Then she gets caught, but fear not, Harry is there to save the day. And then tells her to get lost, as she was never there. Alone with the suspect, Bosch takes action n order to get a confession, In doing so, Bosch comes one step short of torturing on the suspect. A coerced confession, in the same league as that done by disgraced Chicago Police Lieutenant Jon Burge, whose CPD goon squad routinely tortured suspects to get confessions. You know, the guy who attached an electrode and a battery to a suspect’s testicle. That will make you talk. Bosch doesn’t go quite that far, but it’s close. For him it is sulphuric acid.

Then after getting his confession, Bosch first lets the parent of the murdered girl know where his daughter’s murder is, so he can exact his own justice — with a chain saw. BUT Harry then has a change of heart, and places an anonymous call to the LAPD, who arrive just in time.

Harry Bosch has become no better than all of his worst antagonists. He is now as corrupt as Former Deputy Chief Irvin Irving . He is no better than Lewis and Clarke of IAD fame. Or his former partner Frankie Sheehan. Harry Bosch has devolved so far, and so low, that he has become no better than the individuals who are usually his prey. Bosch has become a criminal. Bosch and Ballard might be claim to be righteous. And they might believe that “everybody counts or nobody counts” (no, that one liner is not used in Dark Sacred Night). But they both violate the law as a matter of course, and in doing so, become proponents of what can only be considered vigilante justice. And then they agree to work together, “only bending” and “not breaking” the law in the future. Yeah, I’ve seen that before.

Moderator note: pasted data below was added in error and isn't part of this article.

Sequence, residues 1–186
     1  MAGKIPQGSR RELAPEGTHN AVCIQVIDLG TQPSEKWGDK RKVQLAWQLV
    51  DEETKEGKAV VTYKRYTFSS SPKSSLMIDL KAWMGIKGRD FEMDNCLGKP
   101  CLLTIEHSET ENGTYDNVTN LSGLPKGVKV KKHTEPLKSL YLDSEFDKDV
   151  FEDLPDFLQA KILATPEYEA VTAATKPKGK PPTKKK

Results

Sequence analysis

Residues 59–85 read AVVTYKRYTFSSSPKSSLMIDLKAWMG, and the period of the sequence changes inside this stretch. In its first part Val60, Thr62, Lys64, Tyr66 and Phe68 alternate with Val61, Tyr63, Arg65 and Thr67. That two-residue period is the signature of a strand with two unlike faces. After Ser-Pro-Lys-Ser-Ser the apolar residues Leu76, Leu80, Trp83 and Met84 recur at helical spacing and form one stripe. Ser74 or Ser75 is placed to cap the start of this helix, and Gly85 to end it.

Michael Connelly is a great writer. His novels are generally compelling. But he has turned his star protagonist into a criminal. And after several books with similar “bends” in the law, it is clear he is perfectly fine with that. Connelly is free to develop his character however he likes, but I am free to say enough is enough. I have dedicated a lot of time and energy into a character that I first read in 2002 in City of Bones. I’ve read all the books, most twice. Yet, Connelly can’t get a free pass for making us — his fans — think that that Harry came close to the edge — but he didn’t cross it. Yes, yes he did. And so did Renee Ballard.

What makes this worse, is that I loved 90 percent of this book. I thought Bosch was back and there was a bright future for someone in the hey day of his career. Then there was that that other ten percent. That ten percent which makes me question whether it is worth continuing to read Bosch novels. Michael Connelly could, and should do better. His fans deserve better.

We live in a world where police abuse of force is a real problem. We live in a world where the actions of real life cops have significant impact on police-community relations. I am not saying Harry or Renee need to be saints. I am not saying that Connelly shouldn’t portray then as real cops who face the dilemma of how far to go, in accomplishing their tasks. But when we glorify their regular illegalities, we are doing no one any favors. Heck, Connelly doesn’t even have them even question most of their actions. It’s not entertaining anymore. Maybe it is time to retire Harry. And rethink Renee Ballard.

Michael Connelly, your fans deserve better. And really, so does Harry.